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(23 May 2022) Government Data Roundup: Report on Management of Foreign Exchange Reserves, CPI, WPI are among the data released recently


In the third & latest edition of the ‘Government Data Roundup’, we cover RBI’s report on management of foreign exchange reserves, Third Advance estimates for production of Major crops, latest PLFS quarterly bulletin, CPI & WPI reports, IIP reports, RBI’s monthly bulletin.

The third edition of the fortnightly government data roundup covers report of RBI on foreign exchange reserves, the State of Inequality in India report, the periodic labour force survey Quarterly bulletin, advance estimates of food grain production, Consumer Price Index, Wholesale Price Index, and Index of industrial production.

In addition to the above reports, two releases by the Government during the last fortnight are of prime importance. The first release by the Government is by the Ministry of Youth and Affairs and Sports. It invited comments for the new draft National Youth Policy 2021. For a country with a significant young demographic, this draft National Youth Policy (NYP) assumes importance in unlocking the potential of the youth and ensure their overall development. For more information on the draft NYP, Factly’s review on draft NYP can be read here.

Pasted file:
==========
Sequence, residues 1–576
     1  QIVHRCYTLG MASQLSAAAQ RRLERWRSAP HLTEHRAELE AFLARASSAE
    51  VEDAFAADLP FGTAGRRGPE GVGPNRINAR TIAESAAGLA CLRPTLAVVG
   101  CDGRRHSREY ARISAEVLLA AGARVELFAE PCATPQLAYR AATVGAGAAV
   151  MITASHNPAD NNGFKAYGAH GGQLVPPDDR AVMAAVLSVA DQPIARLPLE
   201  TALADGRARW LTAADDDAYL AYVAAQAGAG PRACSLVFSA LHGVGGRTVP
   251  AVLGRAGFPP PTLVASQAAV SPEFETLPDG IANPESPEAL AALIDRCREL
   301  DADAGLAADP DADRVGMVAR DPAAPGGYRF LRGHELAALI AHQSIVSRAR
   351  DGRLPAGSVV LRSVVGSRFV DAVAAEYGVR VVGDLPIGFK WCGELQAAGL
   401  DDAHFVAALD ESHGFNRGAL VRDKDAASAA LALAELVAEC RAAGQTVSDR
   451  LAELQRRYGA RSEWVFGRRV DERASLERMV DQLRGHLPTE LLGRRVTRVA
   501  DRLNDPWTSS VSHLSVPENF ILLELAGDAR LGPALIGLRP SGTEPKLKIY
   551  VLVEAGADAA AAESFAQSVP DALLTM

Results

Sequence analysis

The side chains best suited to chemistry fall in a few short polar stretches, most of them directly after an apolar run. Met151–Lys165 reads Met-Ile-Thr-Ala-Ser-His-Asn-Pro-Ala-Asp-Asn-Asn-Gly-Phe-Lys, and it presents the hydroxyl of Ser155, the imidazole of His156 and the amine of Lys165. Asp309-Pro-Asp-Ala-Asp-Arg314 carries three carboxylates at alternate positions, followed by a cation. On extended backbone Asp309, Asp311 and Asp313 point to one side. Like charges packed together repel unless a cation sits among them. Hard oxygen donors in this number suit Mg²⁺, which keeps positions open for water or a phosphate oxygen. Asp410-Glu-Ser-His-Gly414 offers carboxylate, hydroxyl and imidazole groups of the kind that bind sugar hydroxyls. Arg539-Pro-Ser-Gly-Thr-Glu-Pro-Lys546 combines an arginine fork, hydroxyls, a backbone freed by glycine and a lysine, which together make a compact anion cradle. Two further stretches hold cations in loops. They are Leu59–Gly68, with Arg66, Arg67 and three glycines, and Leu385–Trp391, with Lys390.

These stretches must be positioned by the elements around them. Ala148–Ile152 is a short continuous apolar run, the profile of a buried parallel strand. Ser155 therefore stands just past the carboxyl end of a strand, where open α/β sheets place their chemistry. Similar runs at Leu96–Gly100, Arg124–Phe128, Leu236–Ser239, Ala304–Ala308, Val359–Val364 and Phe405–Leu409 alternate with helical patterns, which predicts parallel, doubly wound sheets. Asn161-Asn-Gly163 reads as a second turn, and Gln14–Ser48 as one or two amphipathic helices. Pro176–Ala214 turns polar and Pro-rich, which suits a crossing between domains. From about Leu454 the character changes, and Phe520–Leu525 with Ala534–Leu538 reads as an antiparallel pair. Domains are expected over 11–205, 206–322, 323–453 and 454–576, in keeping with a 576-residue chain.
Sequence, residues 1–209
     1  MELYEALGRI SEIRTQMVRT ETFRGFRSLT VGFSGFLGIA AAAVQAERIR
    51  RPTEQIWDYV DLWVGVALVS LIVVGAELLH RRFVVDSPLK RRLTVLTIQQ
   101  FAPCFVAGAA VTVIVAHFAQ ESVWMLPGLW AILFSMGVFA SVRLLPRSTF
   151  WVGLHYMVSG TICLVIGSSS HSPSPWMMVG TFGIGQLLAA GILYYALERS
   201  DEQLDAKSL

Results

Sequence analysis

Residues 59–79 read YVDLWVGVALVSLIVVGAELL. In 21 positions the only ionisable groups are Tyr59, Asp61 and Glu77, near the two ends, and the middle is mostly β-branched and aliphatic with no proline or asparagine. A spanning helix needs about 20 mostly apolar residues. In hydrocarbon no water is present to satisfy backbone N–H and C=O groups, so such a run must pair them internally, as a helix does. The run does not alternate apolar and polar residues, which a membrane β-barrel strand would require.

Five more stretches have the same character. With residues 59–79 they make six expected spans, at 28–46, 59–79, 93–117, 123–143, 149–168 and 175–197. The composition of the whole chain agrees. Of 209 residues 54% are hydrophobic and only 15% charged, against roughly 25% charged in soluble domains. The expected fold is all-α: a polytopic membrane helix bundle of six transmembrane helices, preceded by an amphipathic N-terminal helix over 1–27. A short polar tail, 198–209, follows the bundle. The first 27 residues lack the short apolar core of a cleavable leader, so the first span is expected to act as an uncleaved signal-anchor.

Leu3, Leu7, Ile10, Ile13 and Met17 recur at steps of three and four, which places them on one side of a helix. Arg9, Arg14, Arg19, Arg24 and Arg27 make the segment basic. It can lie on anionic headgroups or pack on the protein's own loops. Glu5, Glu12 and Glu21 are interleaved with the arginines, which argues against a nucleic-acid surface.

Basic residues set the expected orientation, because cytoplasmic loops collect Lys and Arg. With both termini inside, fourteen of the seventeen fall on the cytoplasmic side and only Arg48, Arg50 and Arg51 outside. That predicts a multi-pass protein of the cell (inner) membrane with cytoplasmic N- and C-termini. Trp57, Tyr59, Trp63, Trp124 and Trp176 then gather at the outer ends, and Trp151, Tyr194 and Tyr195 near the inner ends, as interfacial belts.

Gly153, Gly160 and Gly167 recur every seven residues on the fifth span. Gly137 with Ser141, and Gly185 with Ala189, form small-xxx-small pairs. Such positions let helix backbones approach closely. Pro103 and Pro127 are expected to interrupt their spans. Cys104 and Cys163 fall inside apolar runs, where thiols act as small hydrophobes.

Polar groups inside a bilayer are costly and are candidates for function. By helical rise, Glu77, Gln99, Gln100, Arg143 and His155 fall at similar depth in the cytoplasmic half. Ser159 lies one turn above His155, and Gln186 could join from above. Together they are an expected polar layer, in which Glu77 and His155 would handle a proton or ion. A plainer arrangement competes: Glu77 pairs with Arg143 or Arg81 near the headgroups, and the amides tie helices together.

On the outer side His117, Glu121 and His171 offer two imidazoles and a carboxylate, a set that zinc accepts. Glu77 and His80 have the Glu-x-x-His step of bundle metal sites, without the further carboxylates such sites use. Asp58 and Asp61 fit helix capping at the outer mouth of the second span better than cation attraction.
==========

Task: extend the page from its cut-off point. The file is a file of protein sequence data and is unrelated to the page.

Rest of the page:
The second important release by the government is the launch of National Data and Analytics Platform (NDAP) by NITI Aayog. The primary objective of the platform is to democratize the access to the public data by making it interoperable, available, interactive, and accessible to common public. All the data sets hosted on this platform are converted to a standard format, making it easier for cross-sectoral analysis and dataset merging. This enables for an easier analysis and visualization of the data.

Report nameHalf-Yearly report on Management of Foreign Exchange Reserves
Agency responsibleRBI
Frequency of releaseHalf-yearly
Source LinkHalf-yearly report on Management of Foreign Exchange Reserves

Brief about the report/data:

This half-yearly review report presents a detailed picture of the country’s overall foreign exchange reserves. It is a go-to document to find all the related information about the movement of foreign exchange reserves. Foreign exchange reserves are categorized into Foreign Currency Assets (FCA), Gold, Special Drawing Rights (SDR), and Reserve Tranche Position (RTP) in International Monetary Fund (IMF).

This report also contains the objectives of Reserve Management, the associated legal framework, risk management practices and Transparency and disclosure.

Key Highlights: